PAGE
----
Droning on about bees and blossoms

Bumblebees thrive in Minnesota’s diverse prairies, but will their prosperity continue with climate change? Scientists at the University of Minnesota are using drones to find out.
June 10, 2022

It’s just barely 10 in the morning, and already the hot sun is lifting the night’s dew from the prairie grass. The rustle of wind through tall green leaves makes a shhhh…shhhh…shhhh sound, almost loud enough to drown out the hum of a tiny (and very fuzzy) engine.

Buzzing like mad to keep her rotund body aloft, a bumblebee zig-zags over the sea of grass in her never-ending quest for the next meal. As she scans the ground below for flowers, her busy hum is overtaken by a much louder buzzing sound coming from a drone hovering directly overhead, its camera scanning the ground below. Little does the bumblebee know that the pictures taken by this strange mechanical creature may save her sisters for generations to come. 

Bumblebees’ survival requires having constant access to many types of flowers. However, climate change is making summers on the prairie warmer and drier, which creates long “flowering gaps” across the summer when nothing is blooming. This could spell disaster for bumblebees, who must deliver pollen and nectar back to their hive each day or risk starvation.

From its position high in the sky, the drone can help the bumblebees of the future by taking weekly pictures of a giant field experiment that studies how warming and drought affect the prairie plants. Its mission: determine how climate change could affect the blooming of flowers (and the livelihoods of bees) in years to come.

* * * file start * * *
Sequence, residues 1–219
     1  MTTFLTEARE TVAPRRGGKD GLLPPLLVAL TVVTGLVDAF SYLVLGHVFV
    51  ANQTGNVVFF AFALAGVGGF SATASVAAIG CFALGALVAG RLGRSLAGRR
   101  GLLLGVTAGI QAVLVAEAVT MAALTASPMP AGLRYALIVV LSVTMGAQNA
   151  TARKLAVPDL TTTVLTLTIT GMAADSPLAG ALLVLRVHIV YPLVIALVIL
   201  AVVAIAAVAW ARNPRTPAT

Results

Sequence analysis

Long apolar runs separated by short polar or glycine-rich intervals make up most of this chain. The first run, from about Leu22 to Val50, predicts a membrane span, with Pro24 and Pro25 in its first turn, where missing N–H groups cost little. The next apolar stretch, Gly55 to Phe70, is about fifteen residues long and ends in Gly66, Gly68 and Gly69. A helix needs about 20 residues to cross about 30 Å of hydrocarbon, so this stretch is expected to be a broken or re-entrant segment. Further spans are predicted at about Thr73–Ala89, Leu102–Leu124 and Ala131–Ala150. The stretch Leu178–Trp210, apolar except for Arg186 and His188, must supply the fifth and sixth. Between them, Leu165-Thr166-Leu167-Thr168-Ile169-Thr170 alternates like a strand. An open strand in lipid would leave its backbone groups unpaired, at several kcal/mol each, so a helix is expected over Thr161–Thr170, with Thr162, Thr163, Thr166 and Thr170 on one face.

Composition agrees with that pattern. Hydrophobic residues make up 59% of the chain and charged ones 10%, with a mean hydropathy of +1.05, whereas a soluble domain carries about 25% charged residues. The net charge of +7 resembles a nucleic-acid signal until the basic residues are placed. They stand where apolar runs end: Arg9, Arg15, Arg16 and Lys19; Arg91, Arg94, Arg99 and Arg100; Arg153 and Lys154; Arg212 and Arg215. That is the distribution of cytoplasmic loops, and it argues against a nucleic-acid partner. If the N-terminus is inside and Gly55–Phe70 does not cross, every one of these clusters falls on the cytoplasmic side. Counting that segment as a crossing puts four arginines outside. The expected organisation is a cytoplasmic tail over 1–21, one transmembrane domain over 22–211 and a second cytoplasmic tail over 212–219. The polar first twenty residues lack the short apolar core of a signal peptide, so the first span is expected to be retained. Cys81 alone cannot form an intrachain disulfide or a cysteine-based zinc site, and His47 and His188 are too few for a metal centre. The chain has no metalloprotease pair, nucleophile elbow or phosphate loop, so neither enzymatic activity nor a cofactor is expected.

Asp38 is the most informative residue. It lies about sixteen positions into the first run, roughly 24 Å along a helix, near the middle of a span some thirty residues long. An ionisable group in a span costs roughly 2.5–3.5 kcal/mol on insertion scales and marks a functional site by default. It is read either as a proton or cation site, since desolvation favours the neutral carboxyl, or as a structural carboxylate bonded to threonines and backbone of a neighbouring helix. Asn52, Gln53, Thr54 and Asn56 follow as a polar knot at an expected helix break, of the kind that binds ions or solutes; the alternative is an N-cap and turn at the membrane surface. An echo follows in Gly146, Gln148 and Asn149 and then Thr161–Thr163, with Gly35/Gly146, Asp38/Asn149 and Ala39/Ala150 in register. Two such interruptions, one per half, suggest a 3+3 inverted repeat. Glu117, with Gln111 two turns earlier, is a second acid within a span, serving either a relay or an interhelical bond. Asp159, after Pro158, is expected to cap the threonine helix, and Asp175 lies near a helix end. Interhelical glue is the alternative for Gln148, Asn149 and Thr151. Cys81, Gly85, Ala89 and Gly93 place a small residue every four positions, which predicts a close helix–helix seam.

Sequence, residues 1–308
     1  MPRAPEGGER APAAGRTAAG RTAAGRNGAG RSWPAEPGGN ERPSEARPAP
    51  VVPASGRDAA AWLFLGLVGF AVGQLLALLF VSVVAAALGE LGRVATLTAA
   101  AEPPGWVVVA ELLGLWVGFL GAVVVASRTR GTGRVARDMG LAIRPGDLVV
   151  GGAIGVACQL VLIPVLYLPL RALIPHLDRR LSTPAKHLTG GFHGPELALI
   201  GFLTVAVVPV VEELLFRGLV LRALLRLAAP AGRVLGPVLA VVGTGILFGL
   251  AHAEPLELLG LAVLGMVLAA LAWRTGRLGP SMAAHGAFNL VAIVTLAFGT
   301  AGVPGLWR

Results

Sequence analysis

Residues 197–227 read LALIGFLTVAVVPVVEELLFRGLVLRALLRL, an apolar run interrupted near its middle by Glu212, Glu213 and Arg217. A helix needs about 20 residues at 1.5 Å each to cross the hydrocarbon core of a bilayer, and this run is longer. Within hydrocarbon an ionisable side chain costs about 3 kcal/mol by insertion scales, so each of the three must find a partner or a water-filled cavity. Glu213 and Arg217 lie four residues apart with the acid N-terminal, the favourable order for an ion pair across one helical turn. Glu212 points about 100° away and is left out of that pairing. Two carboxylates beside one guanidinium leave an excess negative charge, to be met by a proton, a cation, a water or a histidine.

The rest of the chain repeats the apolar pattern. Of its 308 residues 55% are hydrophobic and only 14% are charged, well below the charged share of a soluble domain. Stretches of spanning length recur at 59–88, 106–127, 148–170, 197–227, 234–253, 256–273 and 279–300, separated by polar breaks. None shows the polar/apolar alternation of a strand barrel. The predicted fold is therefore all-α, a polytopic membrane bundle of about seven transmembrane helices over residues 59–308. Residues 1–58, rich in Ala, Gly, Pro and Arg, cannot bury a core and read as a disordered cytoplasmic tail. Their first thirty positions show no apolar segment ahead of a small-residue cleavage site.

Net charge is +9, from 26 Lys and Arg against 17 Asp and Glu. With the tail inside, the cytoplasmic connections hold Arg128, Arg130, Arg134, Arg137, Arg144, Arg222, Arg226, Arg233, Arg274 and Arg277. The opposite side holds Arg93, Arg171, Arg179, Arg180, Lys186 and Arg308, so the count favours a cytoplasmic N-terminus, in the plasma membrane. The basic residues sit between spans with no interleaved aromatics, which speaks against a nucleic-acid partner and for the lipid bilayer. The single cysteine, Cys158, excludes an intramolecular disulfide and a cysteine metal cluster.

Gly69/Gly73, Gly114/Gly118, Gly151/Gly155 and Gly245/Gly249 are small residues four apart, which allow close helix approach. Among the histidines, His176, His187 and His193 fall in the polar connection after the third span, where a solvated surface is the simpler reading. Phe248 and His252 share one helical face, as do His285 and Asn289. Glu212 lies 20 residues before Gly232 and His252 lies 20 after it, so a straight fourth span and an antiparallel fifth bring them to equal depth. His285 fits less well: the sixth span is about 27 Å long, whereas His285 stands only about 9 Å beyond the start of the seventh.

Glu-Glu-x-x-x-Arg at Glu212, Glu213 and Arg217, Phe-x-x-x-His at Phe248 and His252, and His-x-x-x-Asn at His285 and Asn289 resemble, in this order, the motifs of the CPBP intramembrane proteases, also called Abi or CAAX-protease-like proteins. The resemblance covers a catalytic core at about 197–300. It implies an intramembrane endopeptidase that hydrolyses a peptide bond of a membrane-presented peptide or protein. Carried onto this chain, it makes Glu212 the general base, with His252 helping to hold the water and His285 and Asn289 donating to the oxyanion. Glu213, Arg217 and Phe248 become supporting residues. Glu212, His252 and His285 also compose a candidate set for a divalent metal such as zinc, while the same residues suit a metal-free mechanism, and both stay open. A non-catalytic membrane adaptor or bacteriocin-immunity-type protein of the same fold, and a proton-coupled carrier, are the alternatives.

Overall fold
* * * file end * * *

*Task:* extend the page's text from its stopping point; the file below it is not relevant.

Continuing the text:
The drone completes its flight and settles carefully down onto a bare patch of ground with a whoosh of dust, its motor cutting off abruptly. In the relative silence that follows, only the whispering of wind through the prairie grass can be heard. It’s quiet enough to make out a faint pfff sound as the bumblebee collides unceremoniously with her own destination: a large, violently-yellow sprig of goldenrod. 

While the bumblebee gorges herself nearby on goldenrod nectar, the drone’s photos are uploaded to a field computer. Many months from now, in the dead of a Midwestern winter, a team of University of Minnesota scientists will study these pictures to learn where and when “flowering gaps” may occur under future warming and drought. Conservation managers can then use this information to design new prairie restoration projects that offer a constant supply of flowers under anticipated climate change conditions, ultimately keeping future bumblebees (and many other pollinators) from starving.

Covered in pollen from her antennae to the tips of her translucent wings, the bumblebee careens off in search of more quarry. Not long after, the drone’s engine revs, sending it bouncing back into the air on a rogue breeze, its motors once again drowning out the bumblebee’s receding hum. Even after several (human) lifetimes of research, we still have much to learn about these fascinating, fuzzy creatures. Thanks to mechanical creatures like the one now buzzing away across the prairie, we may get many (bee) lifetimes more. —Maggie Anderson


This piece is part of the BioLine platform. It's a graduate student-led blog and email newsletter centered on sharing recent bio-related research findings and stories.